Silvio Bedini was in Spain once, poking about in archives containing papers of the late C. Columbus, and these were thought so valuable that when the late Samuel Eliot Morison went there to see them, he had one awful time, and never did get very far.

But Bedini, who was then deputy director of the National Museum of History and Technology here, did something or said something and first thing you know everything was flung open to his inspection.

"Well, now what exactly did you say to the librarian there?" somebody asked Bedini.

His lips are sealed.

Once somebody asked me to describe the man:

"He goes about prying things loose," I said, and that's the way I still think of it.

The Columbus things -- his letters to Ferdinand and Isabella, his patent to the title of Admiral of the Ocean Seas, the great map showing Isabella what she was getting in the way of new empire for her investment in Columbus' expedition -- even the beautiful wrought-iron pulpit from the church where it was announced his returning ship had been sighted -- all these priceless mementos were shown at the museum here.

Then there were the Leonardo anatomical drawings, mysteriously turned up, and amazingly let loose for a History and Technology showing, again with the fine hand of Bedini in the pot.

Then some months ago Bedini was poking about the Vatican.

He wound up in obscure tunnels that should not have existed, and the Lord only knows what will come of his Italian expedition. It is known that he has turned up the burial site of a famous pet elephant of one of the popes.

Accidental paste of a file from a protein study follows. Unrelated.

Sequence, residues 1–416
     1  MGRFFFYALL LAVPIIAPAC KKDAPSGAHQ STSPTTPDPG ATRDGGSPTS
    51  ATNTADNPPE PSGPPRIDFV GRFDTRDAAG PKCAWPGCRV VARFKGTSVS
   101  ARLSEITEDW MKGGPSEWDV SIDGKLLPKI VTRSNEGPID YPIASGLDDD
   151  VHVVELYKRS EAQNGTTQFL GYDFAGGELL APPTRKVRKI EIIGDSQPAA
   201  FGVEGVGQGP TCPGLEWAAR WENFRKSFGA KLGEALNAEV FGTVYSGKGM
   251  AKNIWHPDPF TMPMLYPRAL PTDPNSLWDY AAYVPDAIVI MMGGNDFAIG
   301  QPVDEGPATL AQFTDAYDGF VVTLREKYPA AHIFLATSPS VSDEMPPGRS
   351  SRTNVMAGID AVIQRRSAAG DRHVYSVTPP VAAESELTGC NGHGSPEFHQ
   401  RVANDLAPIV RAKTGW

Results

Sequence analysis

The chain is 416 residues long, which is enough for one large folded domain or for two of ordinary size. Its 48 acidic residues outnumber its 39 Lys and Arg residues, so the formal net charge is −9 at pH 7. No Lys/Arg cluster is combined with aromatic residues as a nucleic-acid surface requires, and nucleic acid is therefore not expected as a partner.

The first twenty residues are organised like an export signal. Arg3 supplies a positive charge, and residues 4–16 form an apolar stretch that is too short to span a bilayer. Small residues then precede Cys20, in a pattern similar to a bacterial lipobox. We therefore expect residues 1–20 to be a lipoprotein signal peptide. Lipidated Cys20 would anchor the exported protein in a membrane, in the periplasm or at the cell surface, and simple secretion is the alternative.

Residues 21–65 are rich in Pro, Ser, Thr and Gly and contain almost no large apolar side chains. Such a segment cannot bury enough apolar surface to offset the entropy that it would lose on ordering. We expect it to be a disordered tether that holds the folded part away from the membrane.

For my part, I would not be surprised if either the stuffed elephant or the Bernini baldachin or perhaps the dome of the basilica turned up at the museum before long.

There is, of course, that priceless collection of books that Bedini helped acquire for the Smithsonian, when other repositories seemed far likelier. And I suppose everybody knows the Bedini books on early American thinkers and tinkers, and his book on the moon (with W. Von Braun and F. Whipple), and he is going to do a book about the pope's elephant, after all, and on Thos. Jefferson.

Sometimes Bedini keeps things to himself. Down in the museum vaults he had "the shed skin of the serpent of the Garden of Eden," but in this skeptical age the museum never displayed it.

"When are you going to let me see the serpent from the Garden of Eden?" I used to ask him.

"The shed skin of the serpent?" he used to say with surprise on his face. "Why, I never knew you were interested in that. Any day. Just come on by any day and I'll show it to you."

But over the years I've never managed to see this rarity, which I think has documents attesting its authenticity -- probably as good as most historical documents. After all, if we cannot be absolutely certain about the Kennedy assassination, yet manage to live with our modicums of doubt, I don't see why we should have any special problems with the shed skin of the reptile of Eve.

So I was not really surprised when somebody at the museum told me: "Silvio has written another book."

"Which one? The one about the pope's elephant or the one about Jefferson?"

"Neither," said the informer. "He explains where dominoes come from."

"You mean we didn't know where dominoes come from and need to?" I inquired.